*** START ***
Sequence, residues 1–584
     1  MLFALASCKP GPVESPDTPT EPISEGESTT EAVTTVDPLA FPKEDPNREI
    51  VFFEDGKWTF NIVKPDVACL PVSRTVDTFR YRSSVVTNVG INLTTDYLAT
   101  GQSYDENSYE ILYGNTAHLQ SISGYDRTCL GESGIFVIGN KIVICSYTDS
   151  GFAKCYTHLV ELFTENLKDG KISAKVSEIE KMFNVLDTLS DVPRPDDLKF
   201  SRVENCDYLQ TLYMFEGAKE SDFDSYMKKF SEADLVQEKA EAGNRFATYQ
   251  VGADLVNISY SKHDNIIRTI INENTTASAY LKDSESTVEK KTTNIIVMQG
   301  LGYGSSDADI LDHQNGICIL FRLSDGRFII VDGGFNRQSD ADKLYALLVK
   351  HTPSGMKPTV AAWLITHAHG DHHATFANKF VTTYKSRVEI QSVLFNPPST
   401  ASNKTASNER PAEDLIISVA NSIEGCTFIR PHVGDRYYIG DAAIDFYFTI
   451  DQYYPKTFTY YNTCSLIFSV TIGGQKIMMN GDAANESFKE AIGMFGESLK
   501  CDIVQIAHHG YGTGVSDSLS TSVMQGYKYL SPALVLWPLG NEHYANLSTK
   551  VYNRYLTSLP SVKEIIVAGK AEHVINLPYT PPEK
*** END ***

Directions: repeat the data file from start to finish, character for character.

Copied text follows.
Sequence, residues 1–584
     1  MLFALASCKP GPVESPDTPT EPISEGESTT EAVTTVDPLA FPKEDPNREI
    51  VFFEDGKWTF NIVKPDVACL PVSRTVDTFR YRSSVVTNVG INLTTDYLAT
   101  GQSYDENSYE ILYGNTAHLQ SISGYDRTCL GESGIFVIGN KIVICSYTDS
   151  GFAKCYTHLV ELFTENLKDG KISAKVSEIE KMFNVLDTLS DVPRPDDLKF
   201  SRVENCDYLQ TLYMFEGAKE SDFDSYMKKF SEADLVQEKA EAGNRFATYQ
   251  VGADLVNISY SKHDNIIRTI INENTTASAY LKDSESTVEK KTTNIIVMQG
   301  LGYGSSDADI LDHQNGICIL FRLSDGRFII VDGGFNRQSD ADKLYALLVK
   351  HTPSGMKPTV AAWLITHAHG DHHATFANKF VTTYKSRVEI QSVLFNPPST
   401  ASNKTASNER PAEDLIISVA NSIEGCTFIR PHVGDRYYIG DAAIDFYFTI
   451  DQYYPKTFTY YNTCSLIFSV TIGGQKIMMN GDAANESFKE AIGMFGESLK
   501  CDIVQIAHHG YGTGVSDSLS TSVMQGYKYL SPALVLWPLG NEHYANLSTK
   551  VYNRYLTSLP SVKEIIVAGK AEHVINLPYT PPEK